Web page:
However, Western governance of the liberal order has veered off of its efficient path in recent decades, in my view mostly due to Western hubris and a nearly universal certainty amongst Western elites that liberal values, liberal politics, and neoliberal economics are the only legitimate ways to organize domestic and international society. This hubris, and the overreach that has come along with it, has abetted the emergence of serious counter-movements that together pose a triple threat to world order.
The first consists of challenges from powerful non-Western states, including China, Russia, Iran, North Korea, and, to a lesser extent, India, and even NATO-member Turkey. Each increasingly views Western dominance in world politics as a fading enterprise, with some—notably China and Russia—planning new partnerships and alliances for a post-Western world. Note the difficulty in maintaining global sanctions against Russia outside of Western countries, despite Moscow’s brutal violations against Ukraine. Ironically, the biggest threat to Russia comes not from global sanctions but from the unexpected weakness of its military.
The second comes from powerful non-state actors, most importantly Al Qaeda and the global jihadi movement which has been at war against the West, and Arab and Muslim governments friendly with the West, for generations. This movement views the twenty-one years since 9/11 as an extraordinary success: the United States fought two bloody and costly wars in Iraq and Afghanistan, along with a hugely expensive, controversial, (and ongoing) global war on terrorism. Despite losing senior leaders in Al Qaeda and affiliated groups, the movement is patiently building strength in Taliban-controlled Afghanistan, Africa, and elsewhere, hoping to orchestrate another 9/11-style attack, perhaps this time with a nuclear device.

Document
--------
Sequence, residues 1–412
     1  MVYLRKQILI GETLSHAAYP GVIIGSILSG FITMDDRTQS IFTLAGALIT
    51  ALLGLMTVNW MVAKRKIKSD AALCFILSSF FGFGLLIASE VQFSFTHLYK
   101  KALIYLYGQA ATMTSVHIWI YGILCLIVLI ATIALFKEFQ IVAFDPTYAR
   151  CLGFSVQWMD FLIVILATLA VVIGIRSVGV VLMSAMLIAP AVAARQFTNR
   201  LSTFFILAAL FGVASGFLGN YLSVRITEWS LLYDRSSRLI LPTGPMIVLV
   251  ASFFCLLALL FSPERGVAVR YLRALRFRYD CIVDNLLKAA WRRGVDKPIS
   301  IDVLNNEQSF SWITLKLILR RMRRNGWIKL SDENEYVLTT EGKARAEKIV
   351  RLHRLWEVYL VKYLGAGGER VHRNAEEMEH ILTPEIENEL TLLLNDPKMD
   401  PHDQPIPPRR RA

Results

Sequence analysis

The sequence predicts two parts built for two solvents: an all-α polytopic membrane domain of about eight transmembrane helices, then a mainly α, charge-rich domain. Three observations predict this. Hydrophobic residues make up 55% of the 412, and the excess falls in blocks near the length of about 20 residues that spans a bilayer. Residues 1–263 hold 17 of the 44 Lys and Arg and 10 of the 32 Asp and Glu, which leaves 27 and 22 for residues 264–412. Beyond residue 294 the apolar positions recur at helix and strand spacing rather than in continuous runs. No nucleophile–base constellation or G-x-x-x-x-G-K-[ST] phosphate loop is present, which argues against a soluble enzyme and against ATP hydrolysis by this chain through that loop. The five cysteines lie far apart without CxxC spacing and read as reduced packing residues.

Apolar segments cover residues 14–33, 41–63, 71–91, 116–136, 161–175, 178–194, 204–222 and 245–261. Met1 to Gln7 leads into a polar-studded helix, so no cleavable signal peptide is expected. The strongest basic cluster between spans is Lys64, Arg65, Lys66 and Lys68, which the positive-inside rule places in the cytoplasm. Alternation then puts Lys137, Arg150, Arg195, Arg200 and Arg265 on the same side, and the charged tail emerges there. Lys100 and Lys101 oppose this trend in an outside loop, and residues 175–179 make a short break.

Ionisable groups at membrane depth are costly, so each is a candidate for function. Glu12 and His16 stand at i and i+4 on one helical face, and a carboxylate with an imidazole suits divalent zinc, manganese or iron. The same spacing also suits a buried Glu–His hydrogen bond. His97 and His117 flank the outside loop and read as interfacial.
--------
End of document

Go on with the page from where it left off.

The third is the big wildcard: challenges from within the Western world itself, notably nationalist and populist movements rising in many liberal democracies, including the United States, Great Britain, France, Italy, Sweden, the Netherlands, and Germany. To state the obvious, without liberal democracies leading, there is no “liberal world order.” Across the West, millions of voters are rising up against many facets of liberal openness, including globalization, immigration, and, increasingly, high energy costs associated with green transitions. Governing elites in the West dismiss these legitimate grievances at their own electoral peril.